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Creative sectors as part of the data economy

Ministry of Education and Culture
Publication date 26.11.2019 10.40
News item

The data economy is one of the strategic focus areas during the Finnish Presidency of the Council of the EU. The High-Level Conference on Data Economy, which saw more than 300 participants come together at Finlandia Hall, just finished today with the introduction of data principles for the growth of the European data economy. The creative sectors were also invited to discuss the topic “New revenue streams from the platform and data economy”, which focuses on developing the copyright infrastructure, that is the metadata level related to copyrighted works and authors.

The data principles drafted for the Conference, which was jointly organised by the Ministry of Transport and Communications, the Ministry of Finance and the Ministry of Education and Culture, are aimed at defining and promoting a human-centric, successful and balanced European data economy.

The Finnish Presidency wanted to raise awareness of the importance of identifying works and rights holders in the digital environment in order to ensure accurate revenue streams and to recognise the moral rights of authors. In particular, representatives of the games and music sectors and experts on metadata highlighted, together with the Commission, the importance of data for the growth and competitiveness of the EU digital single market.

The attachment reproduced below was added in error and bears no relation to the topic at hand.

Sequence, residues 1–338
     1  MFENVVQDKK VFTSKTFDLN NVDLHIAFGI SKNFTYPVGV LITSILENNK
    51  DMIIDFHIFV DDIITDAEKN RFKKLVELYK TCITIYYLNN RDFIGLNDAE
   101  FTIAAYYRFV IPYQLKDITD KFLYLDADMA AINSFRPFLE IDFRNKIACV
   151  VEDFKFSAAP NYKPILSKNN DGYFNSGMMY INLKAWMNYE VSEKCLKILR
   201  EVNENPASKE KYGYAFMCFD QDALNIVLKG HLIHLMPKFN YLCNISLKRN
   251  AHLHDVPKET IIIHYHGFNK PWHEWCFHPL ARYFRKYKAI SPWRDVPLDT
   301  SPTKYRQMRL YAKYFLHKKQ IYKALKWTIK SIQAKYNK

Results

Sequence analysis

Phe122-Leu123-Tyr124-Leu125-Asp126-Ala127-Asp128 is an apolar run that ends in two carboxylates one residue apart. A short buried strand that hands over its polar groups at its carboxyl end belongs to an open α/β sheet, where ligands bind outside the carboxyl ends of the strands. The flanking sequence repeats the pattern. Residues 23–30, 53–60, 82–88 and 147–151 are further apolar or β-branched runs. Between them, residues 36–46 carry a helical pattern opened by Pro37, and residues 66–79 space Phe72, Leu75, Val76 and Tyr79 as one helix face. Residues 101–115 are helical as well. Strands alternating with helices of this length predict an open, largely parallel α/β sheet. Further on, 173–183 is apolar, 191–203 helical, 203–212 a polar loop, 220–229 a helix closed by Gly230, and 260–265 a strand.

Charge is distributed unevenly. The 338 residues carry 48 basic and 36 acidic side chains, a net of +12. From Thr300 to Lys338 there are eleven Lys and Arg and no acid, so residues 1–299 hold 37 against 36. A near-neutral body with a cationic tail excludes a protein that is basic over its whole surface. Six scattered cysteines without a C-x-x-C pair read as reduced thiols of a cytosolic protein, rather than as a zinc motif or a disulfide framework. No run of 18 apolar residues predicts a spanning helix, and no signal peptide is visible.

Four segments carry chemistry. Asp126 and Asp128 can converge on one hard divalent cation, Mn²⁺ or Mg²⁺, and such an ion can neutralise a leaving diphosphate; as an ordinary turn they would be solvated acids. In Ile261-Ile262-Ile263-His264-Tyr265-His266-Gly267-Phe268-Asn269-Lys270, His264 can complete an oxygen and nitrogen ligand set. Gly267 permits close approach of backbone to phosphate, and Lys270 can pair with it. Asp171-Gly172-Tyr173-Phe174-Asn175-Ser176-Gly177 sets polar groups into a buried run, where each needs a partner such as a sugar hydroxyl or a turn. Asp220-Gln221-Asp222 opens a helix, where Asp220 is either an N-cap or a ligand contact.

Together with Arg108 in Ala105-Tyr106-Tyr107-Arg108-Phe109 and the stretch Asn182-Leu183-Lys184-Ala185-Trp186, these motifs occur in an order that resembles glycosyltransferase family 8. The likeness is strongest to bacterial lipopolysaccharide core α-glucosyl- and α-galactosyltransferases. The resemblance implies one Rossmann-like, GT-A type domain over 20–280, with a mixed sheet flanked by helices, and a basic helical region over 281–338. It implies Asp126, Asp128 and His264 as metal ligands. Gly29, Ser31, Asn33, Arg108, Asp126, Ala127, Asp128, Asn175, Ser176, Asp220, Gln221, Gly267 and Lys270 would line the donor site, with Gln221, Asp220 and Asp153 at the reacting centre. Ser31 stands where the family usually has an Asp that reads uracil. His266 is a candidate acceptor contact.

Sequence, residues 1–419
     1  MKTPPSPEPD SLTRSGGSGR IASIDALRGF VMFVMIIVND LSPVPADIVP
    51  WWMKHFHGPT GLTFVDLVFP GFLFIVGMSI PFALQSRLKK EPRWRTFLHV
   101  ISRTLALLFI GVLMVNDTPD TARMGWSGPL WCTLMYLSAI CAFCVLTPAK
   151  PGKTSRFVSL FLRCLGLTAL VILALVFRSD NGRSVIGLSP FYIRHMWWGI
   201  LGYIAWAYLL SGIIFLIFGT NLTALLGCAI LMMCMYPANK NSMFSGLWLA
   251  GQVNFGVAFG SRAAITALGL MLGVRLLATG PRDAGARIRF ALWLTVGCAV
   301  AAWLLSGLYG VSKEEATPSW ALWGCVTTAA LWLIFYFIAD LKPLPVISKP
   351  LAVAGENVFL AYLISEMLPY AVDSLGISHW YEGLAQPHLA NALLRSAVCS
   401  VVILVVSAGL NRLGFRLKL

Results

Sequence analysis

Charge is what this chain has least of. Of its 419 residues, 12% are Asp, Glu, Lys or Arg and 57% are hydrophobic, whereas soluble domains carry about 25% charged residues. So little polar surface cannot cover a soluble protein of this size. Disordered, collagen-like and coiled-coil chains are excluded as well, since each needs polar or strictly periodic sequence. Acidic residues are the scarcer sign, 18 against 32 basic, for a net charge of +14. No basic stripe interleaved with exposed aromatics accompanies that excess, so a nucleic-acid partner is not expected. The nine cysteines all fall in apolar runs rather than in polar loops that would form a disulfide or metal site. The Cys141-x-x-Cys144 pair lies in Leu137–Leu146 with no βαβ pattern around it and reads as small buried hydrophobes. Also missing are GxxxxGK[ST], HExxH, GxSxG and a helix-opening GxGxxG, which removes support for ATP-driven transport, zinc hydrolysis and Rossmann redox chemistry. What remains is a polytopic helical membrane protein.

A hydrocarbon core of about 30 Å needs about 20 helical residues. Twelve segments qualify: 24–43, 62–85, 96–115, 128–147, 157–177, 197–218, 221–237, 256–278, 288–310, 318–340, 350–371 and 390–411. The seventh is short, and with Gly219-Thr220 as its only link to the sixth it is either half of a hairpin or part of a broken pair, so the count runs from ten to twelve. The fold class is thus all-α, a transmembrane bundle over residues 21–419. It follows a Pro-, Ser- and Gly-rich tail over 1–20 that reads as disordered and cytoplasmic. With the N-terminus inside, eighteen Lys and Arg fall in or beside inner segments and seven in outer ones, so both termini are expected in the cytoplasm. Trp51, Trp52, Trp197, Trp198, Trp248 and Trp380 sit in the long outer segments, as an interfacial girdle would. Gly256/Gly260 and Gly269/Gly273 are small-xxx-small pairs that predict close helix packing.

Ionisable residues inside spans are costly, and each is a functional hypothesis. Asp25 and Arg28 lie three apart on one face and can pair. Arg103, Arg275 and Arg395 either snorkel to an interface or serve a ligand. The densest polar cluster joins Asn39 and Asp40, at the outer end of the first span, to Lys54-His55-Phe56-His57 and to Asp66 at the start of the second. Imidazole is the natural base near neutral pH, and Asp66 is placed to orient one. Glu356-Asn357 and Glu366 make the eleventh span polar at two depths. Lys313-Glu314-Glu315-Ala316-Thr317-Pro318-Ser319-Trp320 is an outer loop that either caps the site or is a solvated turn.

Developing the copyright infrastructure is important for the European creative sectors for unleashing their full potential on the digital market. Investing in it will  translate into a more efficient, inclusive and trustworthy licensing market, which in turn will create a win-win-win situation for all by increasing access to more works by the public, by making licensing more efficient for businesses and by optimising revenue streams for authors while recognising their moral rights.

The phase following the EU Parliament elections in the spring provided an opportunity for new initiatives, because the EU institutions had not yet started their regular session and because no regular normative work takes place within the field of copyright.

“We believe this is the right time to begin discussing the importance of data and issues related to data on works and authors on the EU level. The European Union needs a clear vision of how we can guide this development to the benefit of the creative sectors and science,” says Hanna Kosonen, Minister of Science and Culture.

More information:

Anna Vuopala, Senior Government Adviser, Ministry of Education and Culture, tel. +358 295 330 331

Viveca Still, Senior Adviser for Copyright, Ministry of Education and Culture, tel. +358 295 330 297

Copyright Hanna Kosonen